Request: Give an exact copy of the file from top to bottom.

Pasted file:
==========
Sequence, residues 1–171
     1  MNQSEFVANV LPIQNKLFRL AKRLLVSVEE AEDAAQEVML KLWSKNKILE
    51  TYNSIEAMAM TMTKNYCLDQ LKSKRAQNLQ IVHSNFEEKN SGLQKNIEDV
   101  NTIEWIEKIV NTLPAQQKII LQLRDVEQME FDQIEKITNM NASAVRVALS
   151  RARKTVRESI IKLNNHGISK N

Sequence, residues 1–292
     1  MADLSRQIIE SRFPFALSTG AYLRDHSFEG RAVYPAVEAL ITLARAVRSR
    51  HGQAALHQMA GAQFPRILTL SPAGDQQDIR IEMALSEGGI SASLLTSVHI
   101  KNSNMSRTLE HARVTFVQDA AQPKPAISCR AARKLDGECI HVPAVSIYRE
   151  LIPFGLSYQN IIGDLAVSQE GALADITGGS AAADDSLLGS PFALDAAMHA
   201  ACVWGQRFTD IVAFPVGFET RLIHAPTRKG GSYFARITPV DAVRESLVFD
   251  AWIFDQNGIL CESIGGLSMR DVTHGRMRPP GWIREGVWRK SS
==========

Sequence, residues 1–171
     1  MNQSEFVANV LPIQNKLFRL AKRLLVSVEE AEDAAQEVML KLWSKNKILE
    51  TYNSIEAMAM TMTKNYCLDQ LKSKRAQNLQ IVHSNFEEKN SGLQKNIEDV
   101  NTIEWIEKIV NTLPAQQKII LQLRDVEQME FDQIEKITNM NASAVRVALS
   151  RARKTVRESI IKLNNHGISK N

Sequence, residues 1–292
     1  MADLSRQIIE SRFPFALSTG AYLRDHSFEG RAVYPAVEAL ITLARAVRSR
    51  HGQAALHQMA GAQFPRILTL SPAGDQQDIR IEMALSEGGI SASLLTSVHI
   101  KNSNMSRTLE HARVTFVQDA AQPKPAISCR AARKLDGECI HVPAVSIYRE
   151  LIPFGLSYQN IIGDLAVSQE GALADITGGS AAADDSLLGS PFALDAAMHA
   201  ACVWGQRFTD IVAFPVGFET RLIHAPTRKG GSYFARITPV DAVRESLVFD
   251  AWIFDQNGIL CESIGGLSMR DVTHGRMRPP GWIREGVWRK SS